47. Kuhn, T. S. (1996). The structure of scientific revolutions, 3rd. Chicago and London: The University of Chicago Press.CrossRefGoogle Scholar
  48. Luisi, P. L., & Thomas, R. M. (1990). The pictographic molecular paradigm — Pictorial communication in the chemical and biological sciences. Naturwissenschaften, 77, 67–74.CrossRefGoogle Scholar
  49. Mainzer, K. (1999). Computational models and virtual reality. New perspectives of research in chemistry. HYLE — An International Journal of the Philosophy of Chemistry, 5(2), 117–126.Google Scholar
  50. Mayer, R. E. (1989). Models for understanding. Review of Educational Research, 59(1), 43–64.CrossRefGoogle Scholar
  51. Milagres, V. S. O., & Justi, R. S. (2001). Modelos de ensino de equilíbrio químico — Algumas considerações sobre o que tem sido apresentado por livros didáticos brasileiros destinados ao ensino medio [Teaching models of chemical equilibrium — some aspects about what Brazilian medium level textbooks have been presented]. Química Nova na Escola, 13, 35–40.Google Scholar
  52. Millar, R., & Osborne, J. (Eds.) (1999). Beyond 2000: Science education for the future. London: School of Education, Kings’ College London.Google Scholar
  53. Monk, M., & Osborne, J. (1997). Placing the history and philosophy of science on the curriculum: A model for the development of pedagogy. Science Education, 81(4), 405–424.CrossRefGoogle Scholar
  54. Morrison, M., & Morgan, M. S. (1999). Models as mediating instruments. In M. S. Morgan, & M. Morrison (Eds.), Models as mediators (pp. 10–37). Cambridge: Cambridge University Press.CrossRefGoogle Scholar
  55. Nersessian, N. J. (1999). Model-based reasoning in conceptual change. In L. Magnani, N. J. Nersessian and P. Thagard (Eds.) Model-based reasoning in scientific discovery (pp. 5–22). New York: Kluwer and Plenum Publishers.CrossRefGoogle Scholar
  56. Ramberg, P. (2000). Pragmatism, Belief, and Reduction: Stereoformulas and Atomic Models in Early Stereochemistry. HYLE — An International Journal of the Philosophy of Chemistry, 6(1), 29–51.Google Scholar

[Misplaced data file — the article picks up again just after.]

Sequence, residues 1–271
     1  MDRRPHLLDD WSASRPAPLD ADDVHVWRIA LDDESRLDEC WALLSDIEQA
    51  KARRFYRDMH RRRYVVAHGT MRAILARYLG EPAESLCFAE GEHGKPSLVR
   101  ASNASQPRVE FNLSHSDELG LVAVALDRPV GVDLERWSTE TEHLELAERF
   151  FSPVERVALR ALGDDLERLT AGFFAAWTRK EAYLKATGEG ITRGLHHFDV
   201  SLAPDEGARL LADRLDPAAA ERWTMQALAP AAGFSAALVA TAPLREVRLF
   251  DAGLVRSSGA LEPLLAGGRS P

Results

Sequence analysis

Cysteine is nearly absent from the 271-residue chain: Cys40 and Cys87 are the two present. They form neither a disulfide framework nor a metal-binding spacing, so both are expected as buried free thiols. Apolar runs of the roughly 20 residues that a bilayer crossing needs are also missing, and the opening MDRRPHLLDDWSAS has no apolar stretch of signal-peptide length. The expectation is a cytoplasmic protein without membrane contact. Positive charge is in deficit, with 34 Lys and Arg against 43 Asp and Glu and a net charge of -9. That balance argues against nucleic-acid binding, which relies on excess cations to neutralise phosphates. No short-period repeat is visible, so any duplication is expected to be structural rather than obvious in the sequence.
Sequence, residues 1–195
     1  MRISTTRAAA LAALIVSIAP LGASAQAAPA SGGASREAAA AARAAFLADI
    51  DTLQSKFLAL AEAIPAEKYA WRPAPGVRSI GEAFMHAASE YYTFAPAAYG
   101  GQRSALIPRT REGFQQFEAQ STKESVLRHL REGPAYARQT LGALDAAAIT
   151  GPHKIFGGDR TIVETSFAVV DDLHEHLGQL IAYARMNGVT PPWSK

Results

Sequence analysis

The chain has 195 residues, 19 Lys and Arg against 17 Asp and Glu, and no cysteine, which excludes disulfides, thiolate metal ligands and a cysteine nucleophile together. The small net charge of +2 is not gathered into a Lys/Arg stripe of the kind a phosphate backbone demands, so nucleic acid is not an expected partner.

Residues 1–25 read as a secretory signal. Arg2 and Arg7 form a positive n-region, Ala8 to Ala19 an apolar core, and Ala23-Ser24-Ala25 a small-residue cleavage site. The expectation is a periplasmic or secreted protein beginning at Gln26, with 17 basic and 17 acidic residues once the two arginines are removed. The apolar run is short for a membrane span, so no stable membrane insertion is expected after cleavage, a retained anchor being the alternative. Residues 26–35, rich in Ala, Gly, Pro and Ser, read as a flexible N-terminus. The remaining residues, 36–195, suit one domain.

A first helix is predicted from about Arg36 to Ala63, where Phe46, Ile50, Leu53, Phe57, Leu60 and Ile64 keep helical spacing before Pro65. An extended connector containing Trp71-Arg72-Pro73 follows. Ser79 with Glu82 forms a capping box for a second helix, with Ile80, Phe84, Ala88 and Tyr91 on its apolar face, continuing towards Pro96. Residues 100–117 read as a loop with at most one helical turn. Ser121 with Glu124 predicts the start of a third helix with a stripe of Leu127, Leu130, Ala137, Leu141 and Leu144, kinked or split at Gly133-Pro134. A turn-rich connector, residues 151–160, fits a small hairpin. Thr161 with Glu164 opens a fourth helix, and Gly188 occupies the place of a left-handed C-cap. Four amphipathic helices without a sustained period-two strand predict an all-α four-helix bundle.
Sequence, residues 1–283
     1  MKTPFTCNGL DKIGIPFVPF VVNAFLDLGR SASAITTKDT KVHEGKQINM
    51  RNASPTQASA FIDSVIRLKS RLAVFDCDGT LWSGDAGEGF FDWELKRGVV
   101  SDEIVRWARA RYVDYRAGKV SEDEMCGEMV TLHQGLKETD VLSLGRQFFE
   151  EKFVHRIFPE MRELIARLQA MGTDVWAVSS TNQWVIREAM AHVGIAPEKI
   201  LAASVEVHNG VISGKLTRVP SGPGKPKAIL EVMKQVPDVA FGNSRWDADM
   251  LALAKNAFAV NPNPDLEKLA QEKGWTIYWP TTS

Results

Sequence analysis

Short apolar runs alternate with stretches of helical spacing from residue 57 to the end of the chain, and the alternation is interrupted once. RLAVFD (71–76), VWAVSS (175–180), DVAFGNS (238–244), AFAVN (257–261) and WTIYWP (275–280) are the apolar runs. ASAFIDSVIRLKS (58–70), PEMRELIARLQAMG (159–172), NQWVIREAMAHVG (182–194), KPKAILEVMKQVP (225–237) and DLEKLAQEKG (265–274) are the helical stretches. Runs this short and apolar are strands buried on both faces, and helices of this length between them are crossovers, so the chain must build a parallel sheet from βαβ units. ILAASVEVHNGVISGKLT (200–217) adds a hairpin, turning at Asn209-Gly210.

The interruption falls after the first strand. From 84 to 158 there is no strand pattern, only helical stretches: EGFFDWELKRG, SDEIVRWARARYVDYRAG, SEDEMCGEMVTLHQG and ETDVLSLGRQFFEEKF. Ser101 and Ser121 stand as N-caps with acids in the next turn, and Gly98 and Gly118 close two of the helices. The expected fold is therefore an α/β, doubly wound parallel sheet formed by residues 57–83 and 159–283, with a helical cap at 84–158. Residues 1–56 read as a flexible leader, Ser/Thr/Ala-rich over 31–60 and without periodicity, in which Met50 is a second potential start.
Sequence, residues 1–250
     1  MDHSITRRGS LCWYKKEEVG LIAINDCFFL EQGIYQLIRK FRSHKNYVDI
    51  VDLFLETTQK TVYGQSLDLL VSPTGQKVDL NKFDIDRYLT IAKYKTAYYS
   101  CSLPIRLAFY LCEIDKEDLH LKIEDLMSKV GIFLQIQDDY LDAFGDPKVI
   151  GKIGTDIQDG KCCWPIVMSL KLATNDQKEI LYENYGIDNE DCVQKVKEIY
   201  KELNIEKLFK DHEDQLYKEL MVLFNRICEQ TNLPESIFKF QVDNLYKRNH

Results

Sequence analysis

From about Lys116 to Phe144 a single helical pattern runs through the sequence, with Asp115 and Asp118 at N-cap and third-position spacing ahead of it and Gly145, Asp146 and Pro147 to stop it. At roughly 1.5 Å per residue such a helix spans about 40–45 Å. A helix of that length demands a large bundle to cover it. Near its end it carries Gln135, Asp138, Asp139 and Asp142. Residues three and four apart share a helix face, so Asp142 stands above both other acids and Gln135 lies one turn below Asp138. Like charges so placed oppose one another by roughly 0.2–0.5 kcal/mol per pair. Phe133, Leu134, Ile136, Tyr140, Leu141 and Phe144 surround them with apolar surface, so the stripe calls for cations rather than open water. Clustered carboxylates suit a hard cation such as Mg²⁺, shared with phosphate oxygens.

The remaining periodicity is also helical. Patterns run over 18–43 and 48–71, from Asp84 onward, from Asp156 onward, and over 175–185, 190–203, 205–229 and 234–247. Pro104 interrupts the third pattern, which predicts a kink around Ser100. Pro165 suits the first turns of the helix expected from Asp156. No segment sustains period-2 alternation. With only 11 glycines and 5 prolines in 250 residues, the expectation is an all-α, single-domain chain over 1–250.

57. Reiner, M., & Gilbert, J. (2000). Epistemological resources for thought experimentation in science learning. International Journal of Science Education, 22(5), 489–506.CrossRefGoogle Scholar
  58. Russel, J. W., Kozma, R. B., Jones, T., Wykoff, J., Marx, N. & Davis, J. (1997). Use of simultaneous-synchronized macroscopic, microscopic, and symbolic representations to enhance the teaching and learning of chemical concepts. Journal of Chemical Education, 74(3), 330–334.CrossRefGoogle Scholar
  59. Shulman, L. S. (1987). Knowledge and teaching: Foundations of the new reform. Harvard Educational Review, 57(1), 1–22.Google Scholar
  60. Stinner, A. (1995). Science Textbooks: Their present role and future form. In S. M. Glynn, & R. Duit (Eds.), Learning science in the schools (pp. 275–296). Mahwah, New Jersey: Lawrence Erlbaum Associates.Google Scholar
  61. Suckling, C. J., Suckling, K. E., & Suckling, C.W. (1980). Chemistry through models. Cambridge: Cambridge University Press.Google Scholar
  62. Sutton, C. (1996). Beliefs about science and beliefs about language. International Journal of Science Education, 18(1), 1–18.CrossRefGoogle Scholar
  63. Tomasi, J. (1988). Models and modeling in theoretical chemistry. Journal of Molecular Structure (Theochem), 179, 273–292.CrossRefGoogle Scholar
  64. Treagust, D. F., & Chittleborough, G. (2001). Chemistry: A matter of understanding representations. In J. Brophy (Ed.), Subject-specific Instructional Methods and Activities (pp. 239–267). Oxford: Elsevier Science.CrossRefGoogle Scholar
  65. Treagust, D. F., Harrison, A. G., Venville, G. J., & Dagher, Z. (1996). Using an analogical teaching approach to engender conceptual change. International Journal of Science Education, 18(2), 213–229.CrossRefGoogle Scholar
  66. Trindle, C. (1999). Entering Modeling Space. An apprenticeship in molecular modeling. HYLE — An International Journal of the Philosophy of Chemistry, 5(2), 127–142.Google Scholar
  67. Van Driel, J. H. (1998). Teachers’ knowledge about the nature of models and modelling in science, Paper presented at the Annual Meeting of the National Association for Research in Science Education, San Diego, 19–22 April.Google Scholar
  68. Van Driel, J. H., & Verloop, N. (1999). Teachers’ knowledge of models and modelling in science. International Journal of Science Education, 21(11), 1141–1154.CrossRefGoogle Scholar
  69. Van Driel, J. H., Verloop, N., & De Vos, W. (1998). Developing science teachers’ pedagogical content knowledge. Journal of Research in Science Teaching 35(6). 673–695.CrossRefGoogle Scholar

Copyright information

© Kluwer Academic Publishers 2002

Authors and Affiliations

  • Rosaria Justi
    • 1
  • John Gilbert
    • 2
  1. 1.Universidade Federal de Minas GeraisBrazil
  2. 2.University of ReadingUK

Personalised recommendations